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spatial-poisson-mixtures

This repository accompanies the following paper: https://doi.org/10.1111/rssc.12431

Povala, Jan, Seppo Virtanen, and Mark Girolami. 2020. ‘Burglary in London: Insights from Statistical Heterogeneous Spatial Point Processes’. Journal of the Royal Statistical Society. Series C (Applied Statistics) forthcoming. DOI: 10.1111/rssc.12431.

These codes have been tested to work on Ubuntu and OSX. It requires Python 3.

Steps to execute the program

Note that, all the commands below need to be run from the root of this repository.

1. Conda environment

Create a conda environment with the required libraries and activate it.

conda env create -f conda-python-env.yml
conda activate london-crime-mixtures

2. Compile the C code for resampling mixture allocations

python src/z_sampler/setup.py  build_ext --build-lib ./

3. Running the models

Codes for the three models that we consider in the paper are available in the ./src/models folder. The naming conventions follow the variable names in the paper.

Running any of the three scripts as described below will produce regular snapshots of the respective model. The snapshots are saved in a .npy file with the name based on the model context and the UID. These snapshots can the be processed using the src/experiment/results_processing.py script. The attached notebook called paper-results.ipynb utilises these scripts to produce figures in the paper.

If the scripts are run with --verbose flag, they will regularly inform the user about the state of the inference algorithm. One of the most useful information it gives is the acceptance ratio for each HMC sample as well as the 'momentum' and the 'potential' parts of the ratio. Also, it regularly plots the traceplots for the quantities it samples. This gives an indication if something is very wrong. More chains are recommended to be run if higher degree of belief of convergence is sought.

Common parameters

  1. --model: specifies the YAML filename with the configuration of the covariates. The YAML file needs to be placed inside ./models/config/ directory.
  2. --type: specifies the crime type. The data provides has counts for other crime types as well, but we only work with burglary.
  3. --resolution: the provided data file has only 400m resolution so this is the only valid option. If it is to be changed then it needs to regenerated as described below.
  4. --uid: identifier used to generate file names for the inference snapshots. This uid(s) need to be supplied when processing the results using src/experiment/results_processing.py.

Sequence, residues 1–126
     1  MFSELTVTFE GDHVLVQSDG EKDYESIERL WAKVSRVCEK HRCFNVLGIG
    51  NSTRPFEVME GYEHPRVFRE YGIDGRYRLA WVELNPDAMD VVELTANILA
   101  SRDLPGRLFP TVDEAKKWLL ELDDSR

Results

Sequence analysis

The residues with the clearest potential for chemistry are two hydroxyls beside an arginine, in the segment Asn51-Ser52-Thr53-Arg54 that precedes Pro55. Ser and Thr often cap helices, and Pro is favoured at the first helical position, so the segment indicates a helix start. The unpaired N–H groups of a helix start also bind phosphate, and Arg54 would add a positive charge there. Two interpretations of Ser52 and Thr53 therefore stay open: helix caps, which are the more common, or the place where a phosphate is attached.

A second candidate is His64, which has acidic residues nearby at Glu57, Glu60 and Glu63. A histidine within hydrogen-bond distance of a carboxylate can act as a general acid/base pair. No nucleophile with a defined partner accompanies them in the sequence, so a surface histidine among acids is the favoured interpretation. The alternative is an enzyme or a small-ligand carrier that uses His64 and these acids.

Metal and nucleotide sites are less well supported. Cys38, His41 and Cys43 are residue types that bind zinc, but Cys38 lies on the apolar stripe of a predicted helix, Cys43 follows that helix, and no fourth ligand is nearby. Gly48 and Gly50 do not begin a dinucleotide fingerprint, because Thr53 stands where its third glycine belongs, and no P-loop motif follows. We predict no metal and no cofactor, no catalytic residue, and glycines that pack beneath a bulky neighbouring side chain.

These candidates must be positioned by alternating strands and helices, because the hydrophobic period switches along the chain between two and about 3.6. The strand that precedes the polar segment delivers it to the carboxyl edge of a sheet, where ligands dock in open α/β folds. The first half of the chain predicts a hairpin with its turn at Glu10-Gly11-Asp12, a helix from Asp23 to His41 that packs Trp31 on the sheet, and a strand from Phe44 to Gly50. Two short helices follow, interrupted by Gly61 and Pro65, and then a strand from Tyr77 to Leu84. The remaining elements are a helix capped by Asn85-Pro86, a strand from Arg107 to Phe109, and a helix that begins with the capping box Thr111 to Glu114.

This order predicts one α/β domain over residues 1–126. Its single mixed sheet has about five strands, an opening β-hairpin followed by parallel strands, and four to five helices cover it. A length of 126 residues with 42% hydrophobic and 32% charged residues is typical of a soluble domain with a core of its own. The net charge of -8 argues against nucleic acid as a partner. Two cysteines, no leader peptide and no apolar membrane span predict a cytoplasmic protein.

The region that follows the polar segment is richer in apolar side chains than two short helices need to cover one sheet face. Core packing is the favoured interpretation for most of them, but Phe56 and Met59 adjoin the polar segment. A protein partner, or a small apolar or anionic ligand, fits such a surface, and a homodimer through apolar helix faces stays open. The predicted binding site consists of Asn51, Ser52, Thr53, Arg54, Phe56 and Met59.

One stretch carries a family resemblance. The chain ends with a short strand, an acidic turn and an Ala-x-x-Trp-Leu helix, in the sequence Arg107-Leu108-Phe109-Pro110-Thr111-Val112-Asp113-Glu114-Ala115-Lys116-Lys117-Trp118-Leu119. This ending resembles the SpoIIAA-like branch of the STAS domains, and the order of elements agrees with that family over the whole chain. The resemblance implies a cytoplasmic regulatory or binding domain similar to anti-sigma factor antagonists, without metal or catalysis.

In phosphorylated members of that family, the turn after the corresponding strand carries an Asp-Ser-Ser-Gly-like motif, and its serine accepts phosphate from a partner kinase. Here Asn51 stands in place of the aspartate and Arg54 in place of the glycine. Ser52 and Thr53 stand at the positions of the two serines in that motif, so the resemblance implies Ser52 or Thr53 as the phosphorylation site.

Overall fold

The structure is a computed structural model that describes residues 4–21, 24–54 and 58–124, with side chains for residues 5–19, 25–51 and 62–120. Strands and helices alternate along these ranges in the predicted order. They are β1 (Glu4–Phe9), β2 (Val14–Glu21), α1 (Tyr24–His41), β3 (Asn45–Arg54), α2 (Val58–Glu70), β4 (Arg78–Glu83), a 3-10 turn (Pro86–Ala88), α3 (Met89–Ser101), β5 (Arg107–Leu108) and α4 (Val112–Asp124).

LGCP model

python -m src.models.lgcp_matern --verbose --year 12013-122015 --type burglary --resolution 400 --model_name burglary_raw_1  --uid "LGCP_MODEL_UID"

Block mixtures with block dependence

python -m src.models.block_mixture_gp_softmax --verbose --type burglary --model_name burglary_raw_4  --resolution 400  --block_type msoa --year 12013-122015  --num_mixtures 3 --lengthscale 1000  --uid "BLOCK_MIX_GP_SOFTMAX_UID"

Block mixtures with independent blocks

python -m src.models.block_mixture_flat --verbose --year 12013-122015 --type burglary --resolution 400 --model_name burglary_raw_1   --num_mixtures 3 --block_type msoa --uid "BLOCK_MIXTURE_MODEL_UID"

Producing plots, summaries,

The notebook in ./notebooks/paper-results.ipynb has codes to produce summaries and plots after the models have been run. To a large extent, the notebook utilises src/experiment/results_processing.py script to produce the plots or the supporting data for the plots. Some of the plots are eps, but many of them are standalone LaTeX files which after compiling with LaTeX can be converted to a desired format. PAI/PEI section produces .dat tabular data file which can be rendered by gnuplot, Excel, etc.

The notebook also has additional plotting that were used for diagnostics, e.g. traceplots for the samples.

Platform-specific issues

To be able to correctly link the code to the required libraries on a MAC, you should run this command:

export CPATH=/Library/Developer/CommandLineTools/SDKs/MacOSX.sdk/usr/include/

Creating custom datasets

One might want to create datasets that cover different time period, or use different spatial resolution. To do that, one can utilise the script src/data/r-spatial-data-extensive-retriever.R. For example, one may want to run:

./src/data/r-spatial-data-extensive-retriever.R --resolution 300 --startdate "2013-01-01" --enddate "2015-12-31"

Note that this might take time as for many covariates it downloads them from the internet. Not all data sources will work out of the box. For example, point of interest data, which I have obtained form Ordnance Survey data must be downloaded by the user separately and the path to such file must be specified in r-spatial-data-extensive-retriever.R. Either, do not use POI data, or provide an alternative source and adjust the POI retrieval functions accordingly.

One might also want to process new crime data as reported on police.uk portal. To do so, place the downloaded CSVs into ./data/raw/crime/ folder and run ./src/data/create_crime_db.py script. This will create SQLite database that the R script above used.

About

Code accompanying ''Burglary in London: Insights from Statistical Heterogeneous Spatial Point Processes''

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